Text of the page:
Beating victim tried to get pain pills, police say
By Bob Stiles
Published: Saturday, Feb. 16, 2013, 12:01 a.m.
A Mt. Pleasant woman who was severely beaten by a security guard inside a Hempfield car dealership in 1996 was arraigned Friday on charges she passed bogus prescriptions for drugs.
Naomi Bailey, 50, of 283 E. Main St., allegedly tried to obtain Roxicodone, a pain medicine, at the Rite Aid on East Pittsburgh Street on Thursday, Greensburg police said.
Police seized more than $4,000 that Bailey and a family member had in their possession when Bailey was taken into custody. The family member was not charged.
Bailey denied the allegations against her while being arraigned before Greensburg District Judge James Albert.
She admitted using pain medicine, on and off, ever since Ronald E. Sager repeatedly struck her over the head with the butt end of a sawed-off shotgun at Star Chevrolet on Route 30 on Jan. 16, 1996.
“I take it for a reason,” she said. “My shoulder, my hip, my leg were killing me. The Xanax is for panic attacks.”
Police said they found Xanax, an anti-anxiety and anti-depression medication, in Bailey's purse in a nonprescription bottle along with an Oxycodone pill, a pain medicine.
Bailey said she has been unable to hold a job because of the extensive brain and head injuries she suffered in the assault.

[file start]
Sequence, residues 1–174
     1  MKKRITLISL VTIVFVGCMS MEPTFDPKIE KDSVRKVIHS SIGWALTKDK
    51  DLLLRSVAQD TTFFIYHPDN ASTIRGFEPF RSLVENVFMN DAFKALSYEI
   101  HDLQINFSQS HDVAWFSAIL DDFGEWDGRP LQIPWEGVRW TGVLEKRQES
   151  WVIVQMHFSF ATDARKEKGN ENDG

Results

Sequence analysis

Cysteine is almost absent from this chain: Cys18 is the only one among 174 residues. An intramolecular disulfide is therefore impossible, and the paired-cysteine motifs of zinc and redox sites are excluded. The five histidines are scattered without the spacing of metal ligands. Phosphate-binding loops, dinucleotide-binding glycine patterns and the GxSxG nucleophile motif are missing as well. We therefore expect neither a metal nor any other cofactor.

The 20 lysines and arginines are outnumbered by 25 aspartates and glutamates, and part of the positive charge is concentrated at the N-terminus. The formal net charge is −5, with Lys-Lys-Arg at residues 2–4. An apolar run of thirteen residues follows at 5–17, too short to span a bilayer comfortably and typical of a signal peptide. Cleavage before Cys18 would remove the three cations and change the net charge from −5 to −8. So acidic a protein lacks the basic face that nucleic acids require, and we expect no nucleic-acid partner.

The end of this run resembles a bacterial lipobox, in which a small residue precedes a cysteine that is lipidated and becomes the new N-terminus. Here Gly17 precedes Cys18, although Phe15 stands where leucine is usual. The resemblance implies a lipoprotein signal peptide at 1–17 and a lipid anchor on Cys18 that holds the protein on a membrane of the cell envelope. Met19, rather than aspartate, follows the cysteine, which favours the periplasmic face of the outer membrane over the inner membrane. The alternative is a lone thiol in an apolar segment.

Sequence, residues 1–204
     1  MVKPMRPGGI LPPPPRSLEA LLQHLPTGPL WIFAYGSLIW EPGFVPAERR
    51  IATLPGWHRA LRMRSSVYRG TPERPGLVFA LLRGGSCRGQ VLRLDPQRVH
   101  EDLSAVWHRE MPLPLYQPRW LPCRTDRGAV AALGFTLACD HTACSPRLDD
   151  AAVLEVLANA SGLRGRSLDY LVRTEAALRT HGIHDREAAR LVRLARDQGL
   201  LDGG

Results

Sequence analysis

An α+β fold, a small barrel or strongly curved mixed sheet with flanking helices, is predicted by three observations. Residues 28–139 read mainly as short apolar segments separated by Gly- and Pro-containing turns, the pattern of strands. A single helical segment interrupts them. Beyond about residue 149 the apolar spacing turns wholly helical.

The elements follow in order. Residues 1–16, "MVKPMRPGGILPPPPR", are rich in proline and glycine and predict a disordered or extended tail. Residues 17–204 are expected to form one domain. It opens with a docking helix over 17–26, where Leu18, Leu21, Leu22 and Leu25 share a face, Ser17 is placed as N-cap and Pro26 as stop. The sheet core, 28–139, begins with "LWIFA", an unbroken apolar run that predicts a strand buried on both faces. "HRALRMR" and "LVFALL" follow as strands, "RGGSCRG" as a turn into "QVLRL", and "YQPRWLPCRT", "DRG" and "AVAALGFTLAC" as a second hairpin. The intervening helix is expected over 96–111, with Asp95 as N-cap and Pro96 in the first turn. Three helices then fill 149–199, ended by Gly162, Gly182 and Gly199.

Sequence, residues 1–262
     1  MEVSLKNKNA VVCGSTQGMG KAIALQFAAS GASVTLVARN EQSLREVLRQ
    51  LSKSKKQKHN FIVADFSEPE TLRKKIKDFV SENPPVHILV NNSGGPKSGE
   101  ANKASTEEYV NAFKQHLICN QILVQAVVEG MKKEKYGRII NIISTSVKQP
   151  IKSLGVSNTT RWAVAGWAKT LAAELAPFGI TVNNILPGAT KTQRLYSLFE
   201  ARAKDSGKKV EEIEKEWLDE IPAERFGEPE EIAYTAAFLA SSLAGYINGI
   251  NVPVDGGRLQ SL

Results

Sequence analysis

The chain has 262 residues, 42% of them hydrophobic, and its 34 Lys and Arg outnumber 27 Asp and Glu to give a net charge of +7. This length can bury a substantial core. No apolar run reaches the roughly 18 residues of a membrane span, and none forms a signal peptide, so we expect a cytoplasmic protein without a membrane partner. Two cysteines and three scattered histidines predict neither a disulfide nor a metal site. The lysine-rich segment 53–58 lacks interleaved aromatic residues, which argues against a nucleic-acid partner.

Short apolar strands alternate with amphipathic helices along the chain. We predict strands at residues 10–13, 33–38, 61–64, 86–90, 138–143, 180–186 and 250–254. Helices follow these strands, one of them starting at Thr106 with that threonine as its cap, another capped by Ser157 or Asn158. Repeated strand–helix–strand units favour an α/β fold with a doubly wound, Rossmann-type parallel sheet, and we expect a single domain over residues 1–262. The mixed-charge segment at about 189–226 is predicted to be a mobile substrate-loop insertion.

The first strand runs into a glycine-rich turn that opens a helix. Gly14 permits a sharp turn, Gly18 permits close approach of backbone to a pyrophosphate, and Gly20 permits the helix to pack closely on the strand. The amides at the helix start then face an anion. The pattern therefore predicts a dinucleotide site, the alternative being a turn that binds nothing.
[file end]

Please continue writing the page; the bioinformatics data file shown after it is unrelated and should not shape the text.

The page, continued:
“I do (remember the attack) every day,” she said.
On Thursday, Bailey dropped off the prescriptions, then came back later in the day to pick them up, police said.
Pharmacy personnel became suspicious and called authorities, who confronted Bailey when she returned to the store.
Police tried to talk to her, but she ignored them and tried to quickly walk out of the store, Patrolman Kerry Dieter said.
She then told police she was picking up the prescription for a friend.
Sager, who is serving a 10-to-24-year sentence at the state prison in Cresson, claimed he attacked Bailey, who was working as a cleaning woman, under orders from space aliens.
Bailey received what her attorney described as a “substantial settlement” in 2001 when she sued Sager, Ranger Investigations and Security — the company Sager worked for — and the car dealership. The terms of that settlement weren't divulged because of a confidentiality clause.
Neither Star Chevrolet nor Ranger admitted liability.
Bob Stiles is a staff writer for Trib Total Media. He can be reached at 724-836-6622 or firstname.lastname@example.org.
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